When MPs on the work and pensions select committee launched a probe into contingent charging last month, they were well aware its inquiry would split the financial planning community.
Frank Field and his team want the practice banned, despite the fact half of advisers are estimated to conduct defined benefit transfers on that basis.
Responses to the consultation have now closed and show what a thorny issue contingent charges have become. Leafing through a few of the submissions, it strikes me as a huge oversight that the FCA doesn’t have better data on this, and that we have to rely on estimates from private companies.
We know the regulator found that 29 per cent of DB transfers were unsuitable in its latest review of the market. It should know how many of these were done on a contingent-charging basis.
For those where the transfer was unsuitable due to shoehorning into in-house funds, it should know what proportion of these transfers were charged on a contingent basis.
Only armed with this information can we make an iron-clad case for banning contingent charging or letting it slide.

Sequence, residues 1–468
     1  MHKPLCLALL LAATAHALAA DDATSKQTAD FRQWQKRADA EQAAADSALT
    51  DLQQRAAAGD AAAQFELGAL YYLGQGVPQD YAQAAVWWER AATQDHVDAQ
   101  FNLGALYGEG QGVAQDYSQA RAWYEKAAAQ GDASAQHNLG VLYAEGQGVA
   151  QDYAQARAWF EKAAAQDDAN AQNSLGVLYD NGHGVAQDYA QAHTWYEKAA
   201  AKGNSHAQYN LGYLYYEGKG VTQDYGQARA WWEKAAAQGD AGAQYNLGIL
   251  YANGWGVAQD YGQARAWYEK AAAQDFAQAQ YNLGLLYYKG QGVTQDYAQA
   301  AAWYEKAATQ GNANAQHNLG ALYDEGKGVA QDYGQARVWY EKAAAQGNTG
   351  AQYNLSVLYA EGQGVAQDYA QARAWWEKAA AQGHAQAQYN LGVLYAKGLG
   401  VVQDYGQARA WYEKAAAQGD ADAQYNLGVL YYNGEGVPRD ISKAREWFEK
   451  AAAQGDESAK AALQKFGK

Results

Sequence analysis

Targeted intervention on vertically integrated firms with pattern behaviours would do more to ensure suitability than market-wide surveys of every adviser with DB transfer permissions.
I can’t help thinking that given the FCA’s overall approach on contingent charges is that advisers should be wary of the conflicts they could cause, this is one instance where a template disclosure of some sort might actually help – something along the lines of “just to let you know, this could be great advice, but I am going to get paid more if you take this recommendation than a different one”.
That would be honest and transparent for consumers who are still rightly worried that, particularly when it comes to DB transfers, they aren’t in a position to judge their adviser’s integrity.
The main reason contingent charging advocates remain wedded to the model is access to advice. Scores of consumers who could benefit from a DB transfer will be instantly put off when asked to fork out thousands in fixed or hourly fees, with even greater numbers turned off advice for life by paying, only to be told to stay put.
But I think that if you can’t afford a few grand up front, you’re highly unlikely to be a suitable DB transfer candidate anyway. Do you really have the capacity for loss? Would you likely have other assets to fall back on?
More importantly, is it not the true hallmark of a profession that it is remunerated for its skill and expertise regardless of outcome?
It’s why British doctors are far more respected than their American peers, for example.
Instead of balking at Field’s probe, advisers should be taking a look at their own practices to ensure they really are clear of his critique.